Early on I found houses to match each of the places Wynter and the boys have lived in. I looked for houses the right size and price (using Zillow estimates for the year in question, where possible), and in the right location. This helped me enormously in visualizing my scenes. Zillow also sometimes has photos of the interiors (when they've recently been on the market).
Below are screenshots of some of the homes mentioned in books 1 to 8. They're not necessarily perfectly matched to the way I ended up describing the buildings, but most are real homes in the actual neighborhoods given in the books. I've listed them in the order they appear in the books, not the order they were lived in.
Seattle house, Columbia City, Seattle WA
In late 2010 when Caleb was assigned to the Coast Guard base in Seattle and Jesse (16) was a high school junior, Caleb threw Harry out of the house. Harry moved to this tiny house on a busy street in Everett. The "shed" to the side is where he housed his boat.
Rosa's house, Richland WAWynter's first foster mother lives in a large house on a new estate along the Yakima River.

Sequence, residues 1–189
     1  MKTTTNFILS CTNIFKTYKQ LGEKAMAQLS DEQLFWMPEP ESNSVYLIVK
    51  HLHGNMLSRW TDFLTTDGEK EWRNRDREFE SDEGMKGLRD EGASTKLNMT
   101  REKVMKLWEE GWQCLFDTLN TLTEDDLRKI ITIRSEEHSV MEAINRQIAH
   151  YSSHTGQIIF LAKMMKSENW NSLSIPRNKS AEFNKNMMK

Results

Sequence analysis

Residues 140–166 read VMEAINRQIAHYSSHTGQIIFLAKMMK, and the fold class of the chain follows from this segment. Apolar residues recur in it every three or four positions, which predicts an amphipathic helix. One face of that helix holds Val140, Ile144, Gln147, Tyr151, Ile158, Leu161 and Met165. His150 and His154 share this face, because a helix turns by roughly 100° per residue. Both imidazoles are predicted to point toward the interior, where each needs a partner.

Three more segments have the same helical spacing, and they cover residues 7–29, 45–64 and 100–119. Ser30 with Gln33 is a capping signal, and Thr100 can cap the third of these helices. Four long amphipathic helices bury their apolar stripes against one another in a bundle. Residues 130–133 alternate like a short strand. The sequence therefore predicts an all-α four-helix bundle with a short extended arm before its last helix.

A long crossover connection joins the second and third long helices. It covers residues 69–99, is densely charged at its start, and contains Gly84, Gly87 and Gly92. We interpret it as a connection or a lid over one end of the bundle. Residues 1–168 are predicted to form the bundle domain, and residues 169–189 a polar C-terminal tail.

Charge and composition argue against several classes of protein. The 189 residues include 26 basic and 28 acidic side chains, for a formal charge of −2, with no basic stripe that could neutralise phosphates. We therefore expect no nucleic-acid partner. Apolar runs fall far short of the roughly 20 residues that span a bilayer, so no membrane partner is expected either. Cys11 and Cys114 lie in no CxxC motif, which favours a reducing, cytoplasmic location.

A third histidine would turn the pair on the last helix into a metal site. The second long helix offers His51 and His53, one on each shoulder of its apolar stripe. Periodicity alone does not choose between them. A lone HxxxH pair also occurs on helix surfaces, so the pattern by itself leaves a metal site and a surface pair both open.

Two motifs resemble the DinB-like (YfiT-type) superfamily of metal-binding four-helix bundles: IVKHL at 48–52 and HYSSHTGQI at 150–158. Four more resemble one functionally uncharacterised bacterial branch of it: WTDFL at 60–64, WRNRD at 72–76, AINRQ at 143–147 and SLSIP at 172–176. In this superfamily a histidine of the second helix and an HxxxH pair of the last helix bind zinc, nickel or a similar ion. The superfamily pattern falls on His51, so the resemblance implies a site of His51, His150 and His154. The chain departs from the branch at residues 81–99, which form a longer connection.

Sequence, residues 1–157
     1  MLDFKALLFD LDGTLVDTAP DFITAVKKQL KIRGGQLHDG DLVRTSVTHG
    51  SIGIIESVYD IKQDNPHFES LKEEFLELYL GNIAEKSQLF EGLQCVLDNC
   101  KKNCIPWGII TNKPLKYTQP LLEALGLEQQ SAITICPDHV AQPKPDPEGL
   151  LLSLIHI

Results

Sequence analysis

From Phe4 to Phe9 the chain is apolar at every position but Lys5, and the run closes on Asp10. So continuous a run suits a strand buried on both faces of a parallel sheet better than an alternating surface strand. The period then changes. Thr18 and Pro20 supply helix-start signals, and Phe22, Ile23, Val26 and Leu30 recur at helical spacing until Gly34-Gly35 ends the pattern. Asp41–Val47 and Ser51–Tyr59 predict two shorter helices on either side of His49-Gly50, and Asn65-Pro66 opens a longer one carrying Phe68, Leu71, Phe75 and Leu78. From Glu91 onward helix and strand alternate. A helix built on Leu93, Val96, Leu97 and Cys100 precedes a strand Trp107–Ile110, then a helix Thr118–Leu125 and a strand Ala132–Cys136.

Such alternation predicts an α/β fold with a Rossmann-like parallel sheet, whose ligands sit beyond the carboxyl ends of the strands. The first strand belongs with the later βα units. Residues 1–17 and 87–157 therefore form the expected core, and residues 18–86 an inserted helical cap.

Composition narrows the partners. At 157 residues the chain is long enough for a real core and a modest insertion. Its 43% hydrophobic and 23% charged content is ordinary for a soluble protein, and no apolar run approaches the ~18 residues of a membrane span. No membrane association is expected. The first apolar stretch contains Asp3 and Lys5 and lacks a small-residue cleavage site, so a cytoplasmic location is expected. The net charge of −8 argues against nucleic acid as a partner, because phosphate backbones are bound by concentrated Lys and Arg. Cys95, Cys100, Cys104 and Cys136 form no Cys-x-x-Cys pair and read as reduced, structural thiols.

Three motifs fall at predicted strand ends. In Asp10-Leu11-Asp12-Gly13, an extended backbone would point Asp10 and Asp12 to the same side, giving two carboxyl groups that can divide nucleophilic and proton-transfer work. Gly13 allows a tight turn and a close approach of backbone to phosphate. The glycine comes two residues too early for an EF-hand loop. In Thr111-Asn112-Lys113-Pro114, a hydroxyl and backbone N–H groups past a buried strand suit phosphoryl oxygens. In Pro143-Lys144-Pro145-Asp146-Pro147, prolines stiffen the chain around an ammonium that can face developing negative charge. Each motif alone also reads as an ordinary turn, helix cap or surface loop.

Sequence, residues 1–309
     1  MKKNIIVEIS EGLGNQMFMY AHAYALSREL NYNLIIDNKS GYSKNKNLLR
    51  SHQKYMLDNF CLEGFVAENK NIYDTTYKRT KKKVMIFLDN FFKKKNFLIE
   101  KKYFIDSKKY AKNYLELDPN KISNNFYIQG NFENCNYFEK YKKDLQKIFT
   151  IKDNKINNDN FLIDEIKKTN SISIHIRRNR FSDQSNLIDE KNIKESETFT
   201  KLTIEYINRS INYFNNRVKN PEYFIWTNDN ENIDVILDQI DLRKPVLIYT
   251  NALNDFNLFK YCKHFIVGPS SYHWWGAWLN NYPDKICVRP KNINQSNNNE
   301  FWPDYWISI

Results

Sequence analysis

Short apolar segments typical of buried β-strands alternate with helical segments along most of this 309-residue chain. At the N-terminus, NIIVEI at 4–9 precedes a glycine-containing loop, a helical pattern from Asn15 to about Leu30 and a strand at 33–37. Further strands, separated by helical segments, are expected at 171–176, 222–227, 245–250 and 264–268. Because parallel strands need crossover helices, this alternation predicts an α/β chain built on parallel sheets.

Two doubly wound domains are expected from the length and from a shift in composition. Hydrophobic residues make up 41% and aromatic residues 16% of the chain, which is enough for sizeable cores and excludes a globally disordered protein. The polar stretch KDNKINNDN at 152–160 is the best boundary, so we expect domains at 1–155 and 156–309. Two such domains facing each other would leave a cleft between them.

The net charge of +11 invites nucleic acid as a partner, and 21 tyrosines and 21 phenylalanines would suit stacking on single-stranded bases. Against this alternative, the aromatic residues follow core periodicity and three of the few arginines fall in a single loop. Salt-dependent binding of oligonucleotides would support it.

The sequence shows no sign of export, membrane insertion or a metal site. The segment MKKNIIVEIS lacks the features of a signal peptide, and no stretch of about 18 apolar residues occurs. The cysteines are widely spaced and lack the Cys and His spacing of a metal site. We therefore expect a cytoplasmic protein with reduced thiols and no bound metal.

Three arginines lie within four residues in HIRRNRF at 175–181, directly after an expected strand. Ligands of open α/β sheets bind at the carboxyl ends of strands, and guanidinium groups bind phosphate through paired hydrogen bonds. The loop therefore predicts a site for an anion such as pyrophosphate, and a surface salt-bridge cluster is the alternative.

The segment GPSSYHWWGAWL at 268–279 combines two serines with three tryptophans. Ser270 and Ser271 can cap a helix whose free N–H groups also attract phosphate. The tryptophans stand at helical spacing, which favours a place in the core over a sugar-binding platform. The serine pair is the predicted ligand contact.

Here's the elegant entryway and the infamous staircase. The house is described as having a balcony where the landing overlooks the entry hall, so this isn't exactly right but you get the idea.
Debra & Brian's house, Enumclaw WAWynter's second foster home, 40 miles south of Seattle - a semi-rural property where she lived for about six months with Madeline (initially) and the two little boys.
Here's the yard where Indio built the treehouse:
Tiger Mountain nr Issaquah WACaleb bought a sprawling rundown farmhouse on Tiger Mountain in early 2014, around Wynter's 16th birthday. I created a (spruced up!) digital visual for this house and wrote a blog post about it here, with a floor plan here.
Harry's boatHarry lives on a 1980s thirty-foot Catalina sailboat at the Shilshole Bay Marina, north of Seattle. The boat looked like this in happier times:
Heathcote family home (Burlington)This is how the Vermont home might look in winter. This particular house below has 8 bedrooms, 8 bathrooms, was built in 1900 and is worth (today) about $1 million. (It's in VT but not in Burlington.) The actual Heathcote family home is worth about twice that amount, so it's even bigger and more impressive than this, maybe with a couple of extra wings out the back:
Here's the rear view without snow:
In the next post we'll travel to Montana to look at the two childhood homes the family visits in Minor Key (book 8), along with a few landmarks mentioned in those chapters.
> Click for Part 2
[Images from Google Maps and Zillow]